EVALUATING INTERNATIONAL COLLABORATION: DIFFERENTIAL PERCEPTIONS OF PARTNERSHIP IN A CBPR PROJECT IN GHANA
JOURNAL OF EMPIRICAL RESEARCH ON HUMAN RESEARCH ETHICS
University of Utah, Utah System of Higher Education, Komfo Anokye Teaching Hosp, Kwame Nkrumah University Science & Technology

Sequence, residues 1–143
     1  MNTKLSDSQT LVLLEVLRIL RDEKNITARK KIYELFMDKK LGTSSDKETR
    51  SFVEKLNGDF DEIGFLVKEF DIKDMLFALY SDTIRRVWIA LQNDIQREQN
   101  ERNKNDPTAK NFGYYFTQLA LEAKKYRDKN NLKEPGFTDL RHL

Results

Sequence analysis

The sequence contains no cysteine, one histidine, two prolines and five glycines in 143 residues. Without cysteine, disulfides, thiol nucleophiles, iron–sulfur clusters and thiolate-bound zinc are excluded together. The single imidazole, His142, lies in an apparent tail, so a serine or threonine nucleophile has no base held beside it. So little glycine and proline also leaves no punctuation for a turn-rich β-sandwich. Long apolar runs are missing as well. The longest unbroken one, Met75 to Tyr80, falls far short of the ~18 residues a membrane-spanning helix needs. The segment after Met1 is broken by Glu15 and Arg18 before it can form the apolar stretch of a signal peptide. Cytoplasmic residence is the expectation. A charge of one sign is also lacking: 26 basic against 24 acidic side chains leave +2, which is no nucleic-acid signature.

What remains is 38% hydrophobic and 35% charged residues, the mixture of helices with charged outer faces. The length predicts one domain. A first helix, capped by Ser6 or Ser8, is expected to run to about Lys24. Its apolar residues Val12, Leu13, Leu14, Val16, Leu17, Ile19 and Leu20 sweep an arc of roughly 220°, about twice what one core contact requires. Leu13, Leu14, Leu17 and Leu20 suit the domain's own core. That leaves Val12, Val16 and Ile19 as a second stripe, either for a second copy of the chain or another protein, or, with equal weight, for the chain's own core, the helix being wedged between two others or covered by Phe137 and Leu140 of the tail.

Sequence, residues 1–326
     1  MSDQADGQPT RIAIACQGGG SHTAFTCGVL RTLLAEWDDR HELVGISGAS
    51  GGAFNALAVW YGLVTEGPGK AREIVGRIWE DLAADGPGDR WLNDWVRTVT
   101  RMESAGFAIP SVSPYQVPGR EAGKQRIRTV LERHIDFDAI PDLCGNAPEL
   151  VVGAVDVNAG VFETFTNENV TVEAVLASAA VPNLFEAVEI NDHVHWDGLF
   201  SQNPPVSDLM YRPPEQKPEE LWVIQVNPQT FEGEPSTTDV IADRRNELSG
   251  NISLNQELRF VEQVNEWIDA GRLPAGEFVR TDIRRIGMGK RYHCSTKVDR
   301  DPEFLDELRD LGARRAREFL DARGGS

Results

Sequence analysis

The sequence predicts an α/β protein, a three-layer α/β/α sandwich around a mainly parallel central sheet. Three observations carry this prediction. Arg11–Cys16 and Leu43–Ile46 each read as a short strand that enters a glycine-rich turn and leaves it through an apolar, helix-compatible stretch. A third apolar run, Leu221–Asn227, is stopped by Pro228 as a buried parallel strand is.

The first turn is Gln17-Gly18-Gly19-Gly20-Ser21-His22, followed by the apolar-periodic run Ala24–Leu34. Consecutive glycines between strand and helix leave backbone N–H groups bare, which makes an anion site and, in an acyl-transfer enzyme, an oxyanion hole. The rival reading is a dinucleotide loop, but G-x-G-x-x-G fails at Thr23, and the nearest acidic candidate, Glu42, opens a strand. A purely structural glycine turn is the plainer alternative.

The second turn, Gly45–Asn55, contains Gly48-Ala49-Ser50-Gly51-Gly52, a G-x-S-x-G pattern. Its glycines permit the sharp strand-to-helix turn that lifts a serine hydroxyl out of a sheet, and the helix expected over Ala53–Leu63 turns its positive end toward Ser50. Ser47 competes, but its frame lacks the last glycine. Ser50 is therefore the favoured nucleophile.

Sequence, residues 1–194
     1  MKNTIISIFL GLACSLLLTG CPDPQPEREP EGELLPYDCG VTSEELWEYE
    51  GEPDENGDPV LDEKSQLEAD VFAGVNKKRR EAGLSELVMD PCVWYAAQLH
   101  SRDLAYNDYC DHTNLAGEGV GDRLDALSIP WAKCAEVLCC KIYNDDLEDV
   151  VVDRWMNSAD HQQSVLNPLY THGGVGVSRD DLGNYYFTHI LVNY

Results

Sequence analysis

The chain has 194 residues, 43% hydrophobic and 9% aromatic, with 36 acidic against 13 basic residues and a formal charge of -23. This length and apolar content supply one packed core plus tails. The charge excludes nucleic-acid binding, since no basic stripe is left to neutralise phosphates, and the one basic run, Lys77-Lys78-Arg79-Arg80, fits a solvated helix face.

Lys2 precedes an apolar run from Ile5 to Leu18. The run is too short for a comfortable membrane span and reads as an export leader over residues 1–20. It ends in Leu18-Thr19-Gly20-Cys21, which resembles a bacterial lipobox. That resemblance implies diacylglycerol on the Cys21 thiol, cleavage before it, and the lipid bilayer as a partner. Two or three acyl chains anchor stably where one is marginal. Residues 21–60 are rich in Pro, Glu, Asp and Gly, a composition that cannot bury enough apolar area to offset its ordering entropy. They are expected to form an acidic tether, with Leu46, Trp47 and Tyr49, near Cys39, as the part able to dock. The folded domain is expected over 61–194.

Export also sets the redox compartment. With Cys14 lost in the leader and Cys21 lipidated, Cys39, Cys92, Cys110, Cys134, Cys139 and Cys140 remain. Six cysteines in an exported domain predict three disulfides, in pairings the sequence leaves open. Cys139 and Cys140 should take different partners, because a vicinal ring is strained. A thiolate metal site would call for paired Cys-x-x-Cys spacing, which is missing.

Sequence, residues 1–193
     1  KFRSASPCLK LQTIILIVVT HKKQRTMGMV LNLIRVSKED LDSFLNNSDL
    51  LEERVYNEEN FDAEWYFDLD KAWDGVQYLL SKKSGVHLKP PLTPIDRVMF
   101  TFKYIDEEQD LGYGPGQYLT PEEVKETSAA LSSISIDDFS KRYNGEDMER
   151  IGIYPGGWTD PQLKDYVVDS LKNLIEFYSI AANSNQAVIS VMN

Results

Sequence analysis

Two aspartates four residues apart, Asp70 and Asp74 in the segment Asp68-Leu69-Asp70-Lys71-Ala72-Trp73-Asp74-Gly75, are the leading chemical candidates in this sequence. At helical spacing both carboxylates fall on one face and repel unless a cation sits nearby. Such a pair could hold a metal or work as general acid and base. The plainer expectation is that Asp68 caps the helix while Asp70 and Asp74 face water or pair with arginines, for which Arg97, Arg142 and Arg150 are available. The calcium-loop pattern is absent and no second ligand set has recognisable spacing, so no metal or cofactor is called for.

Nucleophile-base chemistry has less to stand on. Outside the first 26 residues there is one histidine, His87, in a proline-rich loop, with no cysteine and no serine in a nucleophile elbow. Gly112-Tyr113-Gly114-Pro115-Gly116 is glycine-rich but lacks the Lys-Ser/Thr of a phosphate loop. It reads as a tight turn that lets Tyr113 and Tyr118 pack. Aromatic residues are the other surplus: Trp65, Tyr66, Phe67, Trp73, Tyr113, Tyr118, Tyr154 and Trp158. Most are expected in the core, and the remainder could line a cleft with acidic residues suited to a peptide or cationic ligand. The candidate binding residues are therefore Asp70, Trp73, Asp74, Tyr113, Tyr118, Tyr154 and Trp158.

PRACTITIONERS OF COMMUNITY-BASED participatory research (CBPR) must overcome numerous barriers in order to include research participants as equal partners in decision-making. The decision-making processes of stakeholders (including research participants) of one international CBPR project based in the middle belt of Ghana were analyzed through qualitative focus group and interview data, as well as direct observation of formal meetings. Using modified grounded theory to interpret our data, we find that despite the intentions of extra-community stakeholders, ordinary community members do not experience full ownership of the governance of the research enterprise. We conclude that organizational philosophy, cultural expectations, and environmental context can help to explain differential perceptions of stakeholders and function as barriers to full partnership.